A Shore Conference football legend is a finalist for the Pro Football Hall of Fame
One of the greatest and most revered football players in Shore Conference history is one step closer to joining the legends of the sport in Canton, Ohio.
The late Sam Mills, a Long Branch icon who played 12 seasons in the National Football League with the New Orleans Saints and Carolina Panthers, was revealed as one of the 15 modern-era player finalists for Pro Football's Hall of Fame Class of 2021 on Tuesday night.
The modern-era player finalists are determined by a vote of the Hall of Fame's selection committee, trimming a list that started as 130 nominees in September and was further narrowed to 25 semifinalists in November. The 15 finalists will be presented to the 48-member selection committee during its annual meeting on the Saturday before the Super Bowl. The 2021 Hall of Fame Class will be revealed on Feb. 6 and those honorees will be enshrined on Aug. 8, 2021.
If elected, Mills would become the first Shore Conference player inducted into the Pro Football Hall of Fame. Mills was also a finalist in 2020.
Mills had a great career at Long Branch where he was a first-team All-Shore selection as a senior in 1976. He was a ferocious hitter as a linebacker and also played tight end as a junior before the team moved him to guard out of necessity during his senior year. He helped the Green Wave rebound from a 2-6-1 season to go 9-2 and reach the Central Jersey Group 3 final.
Despite being a force in high school, Mills was not recruited because he was an undersized linebacker at just 5-foot-9. He made the football team at Montclair State as a walk-on and proceeded to set the career record for tackles with 501, which still stands today. He was a three-time New Jersey Athletic Conference First Team All-Star and was the three-time NJAC Defensive Player of the Year. Again, despite a fantastic college career, he was not given a chance in the NFL because of his size. He caught on with the Philadelphia/Baltimore Stars of the now-defunct United States Football League and continued to produce, leading the Stars to two USFL championships. He is considered among the best defensive players in the short history of the USFL.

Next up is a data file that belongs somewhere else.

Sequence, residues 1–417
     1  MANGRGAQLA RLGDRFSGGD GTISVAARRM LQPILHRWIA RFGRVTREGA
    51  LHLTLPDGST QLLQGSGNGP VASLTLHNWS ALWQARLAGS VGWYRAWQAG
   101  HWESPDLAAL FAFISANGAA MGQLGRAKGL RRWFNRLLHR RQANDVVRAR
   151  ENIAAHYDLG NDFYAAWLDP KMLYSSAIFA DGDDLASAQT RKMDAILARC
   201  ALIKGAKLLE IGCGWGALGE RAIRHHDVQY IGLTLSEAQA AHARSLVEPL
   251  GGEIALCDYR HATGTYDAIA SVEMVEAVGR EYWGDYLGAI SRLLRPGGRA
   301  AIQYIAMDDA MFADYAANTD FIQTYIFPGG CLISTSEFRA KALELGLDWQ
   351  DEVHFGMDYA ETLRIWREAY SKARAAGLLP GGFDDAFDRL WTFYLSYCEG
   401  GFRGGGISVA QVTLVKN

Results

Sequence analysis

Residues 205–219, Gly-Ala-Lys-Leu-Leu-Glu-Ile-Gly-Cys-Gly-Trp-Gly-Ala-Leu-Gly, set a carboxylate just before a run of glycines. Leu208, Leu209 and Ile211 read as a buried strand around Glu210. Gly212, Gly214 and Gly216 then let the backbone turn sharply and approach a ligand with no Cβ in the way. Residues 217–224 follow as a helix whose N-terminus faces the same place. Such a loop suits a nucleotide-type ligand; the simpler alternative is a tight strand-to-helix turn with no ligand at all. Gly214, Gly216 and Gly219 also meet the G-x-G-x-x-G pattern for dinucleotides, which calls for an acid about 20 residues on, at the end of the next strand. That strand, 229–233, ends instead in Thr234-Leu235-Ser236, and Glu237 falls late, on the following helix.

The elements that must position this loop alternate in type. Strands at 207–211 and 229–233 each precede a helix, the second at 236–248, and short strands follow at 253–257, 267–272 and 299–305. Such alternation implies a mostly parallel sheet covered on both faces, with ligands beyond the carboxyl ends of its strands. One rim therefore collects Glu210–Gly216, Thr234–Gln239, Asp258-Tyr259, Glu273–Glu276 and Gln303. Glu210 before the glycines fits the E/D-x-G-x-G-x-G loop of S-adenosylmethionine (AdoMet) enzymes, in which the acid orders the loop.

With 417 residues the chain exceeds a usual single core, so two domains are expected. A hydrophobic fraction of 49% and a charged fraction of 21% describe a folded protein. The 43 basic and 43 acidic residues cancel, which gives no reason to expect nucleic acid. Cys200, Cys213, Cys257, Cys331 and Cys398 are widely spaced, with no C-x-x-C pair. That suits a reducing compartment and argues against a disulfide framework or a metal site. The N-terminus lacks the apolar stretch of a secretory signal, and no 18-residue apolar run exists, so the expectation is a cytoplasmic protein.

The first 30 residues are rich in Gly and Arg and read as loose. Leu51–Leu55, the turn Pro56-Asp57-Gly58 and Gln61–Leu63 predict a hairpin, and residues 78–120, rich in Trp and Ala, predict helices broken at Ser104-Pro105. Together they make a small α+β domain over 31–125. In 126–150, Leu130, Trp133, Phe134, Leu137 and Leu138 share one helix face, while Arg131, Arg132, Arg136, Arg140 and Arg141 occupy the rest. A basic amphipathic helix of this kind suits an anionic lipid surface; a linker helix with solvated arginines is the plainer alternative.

Stars head coach Jim Mora was brought on as the head coach of the New Orleans Saints following the 1985 season and Mills followed him there, finally getting his shot at the sport's highest level. That began a 12-year NFL career where Mills was a three-time All-Pro and a five-time Pro Bowl selection. Mora called Mills "The best player I ever coached."
A free agent after the 1994 season, Mills signed with the Panthers in their expansion season of 1995. His veteran presence helped guide Carolina in its formative years, and he started every game during the team's first three seasons.
He was inducted into the College Football Hall of Fame in 2009 and his jersey is retired by both the Saints and Panthers. He concluded his career with 1,139 tackles, 20.5 sacks and 11 interceptions.
In 2003 while he was the Panthers' linebackers coach, Mills was diagnosed with intestinal cancer and told he had just a few months to live. He continued to coach while undergoing treatment and was an inspiration during Carolina's road to a Super Bowl appearance. "Keep Pounding" has become a mantra for the Panthers franchise since Mills' speech to the team leading up their run to Super Bowl XXXVIII in 2004. Mills passed away in April 2005 at just 45 years old, but his legacy lives on.
Each year at the Shore Sports Network All-Shore Gridiron Classic, one player from Monmouth County and one player from Ocean County are selected to receive the Sam Mills Award, which is selected by the coaches for a player who shows the perseverance, character and determination that defined Mills' life and career.
Walk into Long Branch High School's gymnasium, turn around and look up and you will see Mills' No. 51 Carolina Panthers and Long Branch jerseys proudly displayed. They offer a reminder to keep persevering no matter the odds, just as Mills did right to the end.
"When I found out I had cancer," Mills said in his now-famous speech to the Panthers, "there were two things I could do: quit or keep pounding. I'm a fighter. I kept pounding. You're fighters, too. Keep pounding!"
Managing editor Bob Badders can be reached at email@example.com. Follow him on Twitter @Bob_Badders. Like Shore Sports Network on Facebook and subscribe to our YouTube channel for all the latest video highlights.
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